Discovering Dinosaurs

June 27, 2018 by Anonymous

NPC course combines Geology, Biology and Paleontology

Explore the geological and paleontological diversity of Northeastern Arizona this fall as part of a unique geology course at Northland Pioneer College’s Show Low – White Mountain Campus focusing on the ecology, physiology and basic scientific methods used in researching dinosaurs.

dinosaur

NPC is the only community college in Arizona to offer an undergraduate paleontology course about dinosaurs. NPC Biology Professor Dr. David Smith and his colleague, paleontologist Doug Wolfe, will team teach the Geology course (GEO 202 – Dinosaurs) on Thursdays, 4 to 6:44 p.m. The three-credit course will transfer as a science elective into the paleontology programs at Northern Arizona University and the University of Arizona.

Registration is currently underway for the fall semester. Most classes begin the week of August 20. Tuition is $74 per credit hour for the course.

Learning from instructors Smith and Wolfe, students will apply biological and paleontology concepts and develop a field notebook outlining the bones, nervous and muscular systems of dinosaurs. Students will also study the origin and evolution of birds, the concept of extinction and basic scientific methods, including dissection of modern-day birds. Many scientists consider modern-day birds as descendants of dinosaurs. Best of all, students will get a chance to explore various local rock formations, “right under our feet,” notes Wolfe. “I’m excited about NPC’s course that will hopefully spark additional interest in the paleontology and geology fields,” he adds.

Wolfe’s training in micropaleontology and biostratigraphy led him to the Zuni Basin along the Arizona/New Mexico border. Working as a consultant for the U.S. Geological Survey, he re-dated many of the rock formations in that region, as well as on the Little Colorado Plateau. While exploring the Zuni Basin with a film crew, Wolfe noticed dozens of bone fragments, weathered out by a nasty thunderstorm the previous week. “One fit neatly onto a bone sticking out of the hill,” recalls Wolfe. The site became known as the Haystack Butte Bonebed.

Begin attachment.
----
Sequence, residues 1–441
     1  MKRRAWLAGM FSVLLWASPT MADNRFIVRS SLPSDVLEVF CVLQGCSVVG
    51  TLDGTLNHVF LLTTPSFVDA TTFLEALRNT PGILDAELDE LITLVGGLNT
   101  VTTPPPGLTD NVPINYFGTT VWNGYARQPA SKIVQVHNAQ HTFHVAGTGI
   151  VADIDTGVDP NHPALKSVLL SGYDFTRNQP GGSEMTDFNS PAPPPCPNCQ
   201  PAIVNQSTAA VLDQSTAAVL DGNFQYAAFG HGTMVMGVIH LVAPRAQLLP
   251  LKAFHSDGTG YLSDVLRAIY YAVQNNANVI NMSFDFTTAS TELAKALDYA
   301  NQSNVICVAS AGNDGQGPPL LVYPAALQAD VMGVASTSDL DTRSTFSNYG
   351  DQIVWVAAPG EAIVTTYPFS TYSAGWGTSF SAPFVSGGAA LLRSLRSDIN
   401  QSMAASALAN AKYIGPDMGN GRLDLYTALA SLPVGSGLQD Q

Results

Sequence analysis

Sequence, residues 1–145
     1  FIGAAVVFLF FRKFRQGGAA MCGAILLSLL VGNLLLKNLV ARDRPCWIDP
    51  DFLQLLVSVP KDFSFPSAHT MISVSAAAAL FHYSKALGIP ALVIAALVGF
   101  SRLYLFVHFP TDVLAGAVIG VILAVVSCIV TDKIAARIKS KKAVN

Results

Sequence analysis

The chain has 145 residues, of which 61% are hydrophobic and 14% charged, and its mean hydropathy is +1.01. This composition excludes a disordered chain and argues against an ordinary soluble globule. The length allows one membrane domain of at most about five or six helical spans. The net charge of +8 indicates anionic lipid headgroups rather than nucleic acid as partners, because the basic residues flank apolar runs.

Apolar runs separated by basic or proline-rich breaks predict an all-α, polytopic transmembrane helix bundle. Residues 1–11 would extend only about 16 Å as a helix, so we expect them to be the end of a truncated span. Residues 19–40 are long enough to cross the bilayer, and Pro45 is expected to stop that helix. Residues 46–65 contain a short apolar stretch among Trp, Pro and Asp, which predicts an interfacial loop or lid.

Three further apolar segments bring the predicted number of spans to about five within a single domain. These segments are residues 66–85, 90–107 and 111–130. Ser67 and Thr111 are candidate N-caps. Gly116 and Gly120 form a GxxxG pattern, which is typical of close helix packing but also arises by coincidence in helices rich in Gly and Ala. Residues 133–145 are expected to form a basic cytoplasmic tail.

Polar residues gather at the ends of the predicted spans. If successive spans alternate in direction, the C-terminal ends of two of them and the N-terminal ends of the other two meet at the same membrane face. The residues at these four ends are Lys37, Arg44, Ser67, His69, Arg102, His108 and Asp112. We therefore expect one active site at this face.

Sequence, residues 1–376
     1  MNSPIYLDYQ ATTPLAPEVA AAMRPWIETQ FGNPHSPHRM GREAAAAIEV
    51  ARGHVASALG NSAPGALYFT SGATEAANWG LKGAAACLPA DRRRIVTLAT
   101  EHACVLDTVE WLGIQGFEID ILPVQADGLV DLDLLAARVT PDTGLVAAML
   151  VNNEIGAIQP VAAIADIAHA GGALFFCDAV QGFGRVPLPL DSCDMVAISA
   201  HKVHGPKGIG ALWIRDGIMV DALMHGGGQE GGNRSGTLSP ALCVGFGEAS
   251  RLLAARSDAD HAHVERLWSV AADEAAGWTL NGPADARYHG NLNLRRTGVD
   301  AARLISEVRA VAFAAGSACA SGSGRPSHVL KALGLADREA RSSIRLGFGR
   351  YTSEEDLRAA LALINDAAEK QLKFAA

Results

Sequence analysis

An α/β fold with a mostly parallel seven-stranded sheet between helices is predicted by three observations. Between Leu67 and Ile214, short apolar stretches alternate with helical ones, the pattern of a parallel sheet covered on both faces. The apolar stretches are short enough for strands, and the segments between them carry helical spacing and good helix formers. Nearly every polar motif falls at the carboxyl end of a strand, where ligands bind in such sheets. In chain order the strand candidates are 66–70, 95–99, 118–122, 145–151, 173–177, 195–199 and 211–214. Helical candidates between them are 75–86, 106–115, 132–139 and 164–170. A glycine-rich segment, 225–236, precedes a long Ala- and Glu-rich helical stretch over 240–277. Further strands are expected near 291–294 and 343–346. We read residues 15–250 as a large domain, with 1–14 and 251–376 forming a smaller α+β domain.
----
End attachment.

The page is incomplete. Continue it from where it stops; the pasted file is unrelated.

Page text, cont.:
The scientific name given to the discovery was Zuniceratops christopheri – honoring the Zuni tribe and Wolfe’s son Christopher, who was 7 years old at the time, who picked up the first fragment from the horn-core. “We recovered a few hundred bones over several years from that site, mostly Zuniceratops, the oldest ‘horned’ dinosaur in North America, an early ancestor of Triceratops.”

Eventually, Wolfe realized he had bones other than from Zuniceratops that were very similar to Asian Therizinosaurs. After collecting more evidence with Utah State Paleontologist Dr. James Kirkland, the find was named Nothronychus (nahth-ROH-nye-KUSS), the first Therizinosaur found outside of Asia. Nothronychus was believed to be a biped plant-eater standing about 10 – 12 feet high and weighing nearly a ton.

Dr. Smith, an NPC professor since 2005, specializes in vertebrate paleontology. He has been collaborating with Wolfe on digital imaging of the braincase of both Zuniceratops and Nothronychus. “Our study shows the Nothronychus was very sensitive to very low frequencies, such as those from approaching storm systems, although they probably did not emit sounds in those frequencies,” remarks Smith. Scientists, including Smith, are now starting to focus on the arm structure, with early indications Nothronychus was a possible swimmer.

Wolfe, his wife Hazel and son Christopher operate the White Mountain Dinosaur Exploration Center (WMDEC) in Springerville and routinely partner with university field teams recovering fossils in the region. The WMDEC, open most Thursdays through Saturday, features numerous specimens and exhibits, including a photo of a three-toed track discovered by Wolfe nearly a decade ago recording a pack of smaller carnivorous dinosaurs possibly hunting a larger plant-eater.

In addition to teaching at NPC, Smith and Wolfe are making plans to explore major dinosaur fossil sites in China, Mongolia and Russia, with their findings published in a future textbook by Indiana University Press.

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